The Torah vs. the Computer, Part I
Chapter 3, Mishna 23(a)
By Rabbi Dovid Rosenfeld
"Rabbi Elazar ben (son of) Chisma said, The laws of the bird-pair
offerings and the beginning of menstrual periods: these are essential
laws. Astronomy and the numeric values [of the Hebrew letters] are the
spices to wisdom."
This mishna enumerates a number of subjects and evaluates their worth in
relation to the Torah. The bird-pair offerings refer to the Temple
sacrifices a woman must bring shortly after childbirth (as well as in
other situations). Detailed discussions exist regarding the offering of
these sacrifices, cases in which the offerings of different women became
mixed up, and what types of stillbirths obligate the offering of these
Menstrual periods refer to the calculations necessary to determine the
expected start date of a woman's period, as well as the relevant
restrictions when her period begins or is expected to begin. And, of
course, it includes what types of blood indicate a menstrual flow,
deviations from the normal cycle, off-cycle spotting, etc. These subjects
may be a little less appealing to the budding scholar, but they are
essential areas of Judaism crucial for the proper maintenance of the
(In our mishna's words one almost hears echoes of the pagan notion that
such "women's laws" are somehow less holy and deserving of rabbinic
attention. Such phenomena as menstruation reflect women's innate impurity
or their affliction by evil spirits. Our mishna unequivocally rejects such
Astronomy and numeric values, on the other hand, are not Torah per se, but
are subjects which complement the Torah -- as does almost every area of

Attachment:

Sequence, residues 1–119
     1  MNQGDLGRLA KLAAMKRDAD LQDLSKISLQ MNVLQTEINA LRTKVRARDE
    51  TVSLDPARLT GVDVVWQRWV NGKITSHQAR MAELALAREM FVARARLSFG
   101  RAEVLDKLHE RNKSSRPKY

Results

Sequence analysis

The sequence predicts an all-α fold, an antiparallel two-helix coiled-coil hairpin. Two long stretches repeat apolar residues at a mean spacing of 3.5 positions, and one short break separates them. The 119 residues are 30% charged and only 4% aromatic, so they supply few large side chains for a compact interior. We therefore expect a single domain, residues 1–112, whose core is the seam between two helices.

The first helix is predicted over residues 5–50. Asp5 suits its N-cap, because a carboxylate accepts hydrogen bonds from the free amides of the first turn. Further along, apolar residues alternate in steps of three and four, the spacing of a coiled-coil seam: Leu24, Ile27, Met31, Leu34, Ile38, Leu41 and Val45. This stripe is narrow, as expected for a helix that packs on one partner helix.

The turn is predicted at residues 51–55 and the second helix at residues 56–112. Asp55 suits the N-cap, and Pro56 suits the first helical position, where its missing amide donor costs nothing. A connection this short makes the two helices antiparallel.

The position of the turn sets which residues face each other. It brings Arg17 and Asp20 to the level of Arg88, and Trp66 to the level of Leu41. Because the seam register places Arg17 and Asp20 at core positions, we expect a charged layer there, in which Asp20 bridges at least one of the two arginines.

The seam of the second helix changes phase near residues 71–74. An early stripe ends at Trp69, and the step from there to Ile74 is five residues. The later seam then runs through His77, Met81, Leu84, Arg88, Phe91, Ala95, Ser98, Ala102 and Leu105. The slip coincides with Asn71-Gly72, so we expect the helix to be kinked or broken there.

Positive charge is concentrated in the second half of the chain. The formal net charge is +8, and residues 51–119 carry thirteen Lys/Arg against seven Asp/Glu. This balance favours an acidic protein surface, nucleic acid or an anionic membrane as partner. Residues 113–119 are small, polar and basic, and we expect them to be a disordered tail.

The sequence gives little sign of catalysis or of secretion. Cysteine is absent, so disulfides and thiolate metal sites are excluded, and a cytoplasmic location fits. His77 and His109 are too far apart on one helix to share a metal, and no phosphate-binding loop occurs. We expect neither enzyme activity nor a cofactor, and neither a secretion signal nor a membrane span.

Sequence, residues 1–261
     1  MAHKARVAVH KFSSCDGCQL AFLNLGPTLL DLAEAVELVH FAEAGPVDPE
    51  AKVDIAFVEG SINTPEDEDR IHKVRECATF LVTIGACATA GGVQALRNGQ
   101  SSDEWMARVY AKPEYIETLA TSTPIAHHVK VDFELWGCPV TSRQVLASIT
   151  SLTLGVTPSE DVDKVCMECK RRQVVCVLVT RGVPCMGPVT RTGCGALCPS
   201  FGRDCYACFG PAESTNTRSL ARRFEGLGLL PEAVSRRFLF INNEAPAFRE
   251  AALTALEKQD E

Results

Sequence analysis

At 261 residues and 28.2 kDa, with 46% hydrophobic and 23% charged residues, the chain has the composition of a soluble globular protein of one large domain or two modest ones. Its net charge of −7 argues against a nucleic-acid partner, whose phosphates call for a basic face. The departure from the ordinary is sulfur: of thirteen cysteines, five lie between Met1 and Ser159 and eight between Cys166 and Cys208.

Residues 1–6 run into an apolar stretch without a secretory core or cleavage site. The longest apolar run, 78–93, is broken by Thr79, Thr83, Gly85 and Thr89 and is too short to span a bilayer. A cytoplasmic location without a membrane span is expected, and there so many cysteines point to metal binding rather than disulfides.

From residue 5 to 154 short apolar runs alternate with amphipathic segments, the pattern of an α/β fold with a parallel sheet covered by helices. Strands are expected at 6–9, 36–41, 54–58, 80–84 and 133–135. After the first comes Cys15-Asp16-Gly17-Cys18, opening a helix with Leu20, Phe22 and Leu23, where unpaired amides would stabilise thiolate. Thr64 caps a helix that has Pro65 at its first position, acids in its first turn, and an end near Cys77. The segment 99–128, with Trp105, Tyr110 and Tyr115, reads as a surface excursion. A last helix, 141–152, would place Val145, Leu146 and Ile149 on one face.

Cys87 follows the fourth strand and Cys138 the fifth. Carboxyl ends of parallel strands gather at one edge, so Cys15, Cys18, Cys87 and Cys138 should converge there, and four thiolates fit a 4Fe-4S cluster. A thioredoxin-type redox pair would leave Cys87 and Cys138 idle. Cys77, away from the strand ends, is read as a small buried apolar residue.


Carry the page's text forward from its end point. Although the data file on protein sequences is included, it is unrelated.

wisdom. The area of astronomy referred to here (and most often dealt with
in the Talmud) is the calculation of the cycles of the moon and the
seasons. Although basically mathematics, this field is essential for
formulating the Jewish calendar, whose purpose in a word is to reconcile
the discrepancy between the lunar months and the solar year. Each holiday
must fall out in its proper season -- Passover in the spring, Sukkos
(Tabernacles) at the ingathering of the crops, etc., and so the lunar year
(12 months of approximately 29.5 days = 354 days) must continually be
reconciled with the solar year of approximately 365.25 by adding days or
months to the lunar year.
'Numeric values" ("gematriya" in Hebrew) refer to the assigning of number
values to the letters of the Hebrew alphabet. (I.e., alef = 1, bais
(or 'bet') = 2, gimmel = 3, etc. After the tenth letter, yud, the counts
increments by tens, and after the nineteenth, by one-hundreds.) Through
this, all Hebrew words and phrases can be associated with numeric values.
Certain forms of rabbinical homiletic interpretation are based on
inferences made from these values, and occasionally, a decision in Jewish
law will be based on (or at least corroborated by) such an inference.
Two simple examples follow. The Talmud (Makkos 23b) infers that the Torah
contains 613 mitzvos (commandments) based on the verse "Moses commanded us
in the Torah..." (Deut. 33:4). The word "Torah", as it appears in the
verse, has the "gematriya" of: tes (400) + vuv (6) + raish (200) + hai (5)
= 611. Thus, implies the verse, Moses taught us 611 mitzvos. That combined
with the tradition that the first two of the Ten Commandments were heard
directly from G-d at Sinai gives us a total of 613.
Elsewhere, the Talmud (Nedarim 32a) infers that Abraham first began to
comprehend the existence of a single G-d at the age of 3. It derives this
from Genesis 26:5: "Since Abraham hearkened to My voice..." "Since" is in
Hebrew "aikev" = ayin (70) + kuf (100) + vais (2) = 172 -- implying that
Abraham hearkened to G-d for 172 years. Thus, since Abraham lived till the
ripe old age of 175, he must have begun at the tender age of 3!